For Manila bishop, Senator De Lima’s arrest is a “political vendetta”
The senator was investigating the president. For Mgr Pabillo, “Duterte and his minions just want to get back at her”. The Filipino Church is united against the culture of death. Its goal is to “educate the people” and “double its efforts to address the problems of society”.
Manila (AsiaNews) – Senator Leila De Lima “got the ire of Duterte by her investigations [. . .] there is [a] strong perception that Duterte and his minions just want to get back at her. It is a political vendetta,” said Rev Broderick S Pabillo, auxiliary bishop of Manila, in an interview with AsiaNews.
For him, the “Church should speak out – not only to voice opposition to the death policies of the President but more to educate the people” against violence, he added.
Since he took office on 30 June 2016, President Duterte has upended the country’s political life with tensions culminating in Senator de Lima’s arrest on drug trafficking charges on 24 February.
De Lima, a former head of the Philippines Commission on Human Rights and Secretary of Justice, is a fierce opponent of Duterte’s violent anti-drug policies, which have cost the lives of more than 7,000 people in the past eight months ago.
The Catholic Church, while remaining above the political fray, has reiterated its commitment to the defence of a "culture of life" against violence. Many initiatives are underway to tackle the problem of drugs, crime and family breakdown.
We would like to know your impressions about Senator De Lima’s arrest and what you think about her. Is she just a political rival to President Duterte or is she moved by a real humanitarian spirit?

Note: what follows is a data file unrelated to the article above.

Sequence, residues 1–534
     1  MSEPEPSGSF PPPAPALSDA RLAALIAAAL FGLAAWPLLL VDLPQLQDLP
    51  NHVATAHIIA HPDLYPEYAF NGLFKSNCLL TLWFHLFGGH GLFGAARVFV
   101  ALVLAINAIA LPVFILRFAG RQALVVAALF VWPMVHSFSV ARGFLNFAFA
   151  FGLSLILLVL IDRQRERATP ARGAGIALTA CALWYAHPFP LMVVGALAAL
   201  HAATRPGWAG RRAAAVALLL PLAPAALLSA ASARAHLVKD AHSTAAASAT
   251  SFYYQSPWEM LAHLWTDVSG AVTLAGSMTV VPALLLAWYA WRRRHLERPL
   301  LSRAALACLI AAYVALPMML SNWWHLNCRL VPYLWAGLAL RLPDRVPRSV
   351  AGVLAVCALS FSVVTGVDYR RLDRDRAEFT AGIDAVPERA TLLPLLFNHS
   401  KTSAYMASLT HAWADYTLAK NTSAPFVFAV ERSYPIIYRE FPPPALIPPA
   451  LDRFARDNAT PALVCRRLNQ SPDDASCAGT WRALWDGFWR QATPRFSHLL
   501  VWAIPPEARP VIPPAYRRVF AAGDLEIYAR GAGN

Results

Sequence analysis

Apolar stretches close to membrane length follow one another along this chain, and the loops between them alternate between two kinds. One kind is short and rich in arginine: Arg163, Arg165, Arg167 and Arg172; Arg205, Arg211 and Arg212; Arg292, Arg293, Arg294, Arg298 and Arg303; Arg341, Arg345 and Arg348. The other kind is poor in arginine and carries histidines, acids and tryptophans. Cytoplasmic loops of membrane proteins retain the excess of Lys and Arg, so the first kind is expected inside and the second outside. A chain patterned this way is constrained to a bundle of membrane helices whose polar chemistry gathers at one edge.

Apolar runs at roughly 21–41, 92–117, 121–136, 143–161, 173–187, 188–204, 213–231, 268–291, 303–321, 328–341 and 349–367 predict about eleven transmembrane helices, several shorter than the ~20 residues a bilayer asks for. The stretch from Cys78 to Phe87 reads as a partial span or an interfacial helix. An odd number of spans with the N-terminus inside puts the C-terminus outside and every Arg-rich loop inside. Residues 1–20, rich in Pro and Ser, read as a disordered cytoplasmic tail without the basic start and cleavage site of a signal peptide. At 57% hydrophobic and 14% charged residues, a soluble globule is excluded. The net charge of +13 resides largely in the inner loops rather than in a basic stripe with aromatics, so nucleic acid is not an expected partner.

I do not think De Lima is a political rival. She got the ire of Duterte by her investigations on the Extra Judicial Killings and her stand to follow human rights. I do not know the legal reasons for her arrest, but there is strong perception that Duterte and his minions just want to get back at her. It is a political vendetta. This is common in our political scene. The whistle blowers and the investigators become the victim. If there is any crime of De Lima it may be that she allowed the drug trade to continue in the National Penitentiary as the head of the Department of Justice. But then all the former secretaries of the Department of Justice did this. They did nothing to curve the drug trade in the penitentiary for it has been going all the while.
It appears to us there’s a lot of tensions in Filipino society. We would like to know if even the Church in the Philippines is disunited like the society.
I do not see tensions in the Church in the Philippines. There are priests and religious who may support Duterte, I do not hear of any saying openly that EJK is alright. There are people in the Church who prefer not to be vocal because they see that this may not be productive. This would be a matter of strategy.
How does the Church plan to oppose this kind of “death culture” sponsored by Duterte’s government? How do you think the Church can counteract Duterte’s violence?
I personally believe that the Church should speak out - not only to voice opposition to the death policies of the President but more to educate the people so that they may not get the idea that killing is the solution to our problems. The church should use the traditional and social media to bring out her message that death brings only death, that violence does not bring about peace. But the church should also double her efforts to address the problems of society, like the drug problem, criminality and breakdown of families. There are now initiatives done by several diocese and religious to address some of these problems, like the efforts to have community based rehabilitation for drug addicts. The church also lobbies strongly against the re-imposition of death penalty and criminalizing children as young as 9 years old. The church supports the confirmation of environment secretary Gina Lopez for her strong stand on closing down mining companies who pollute the environment.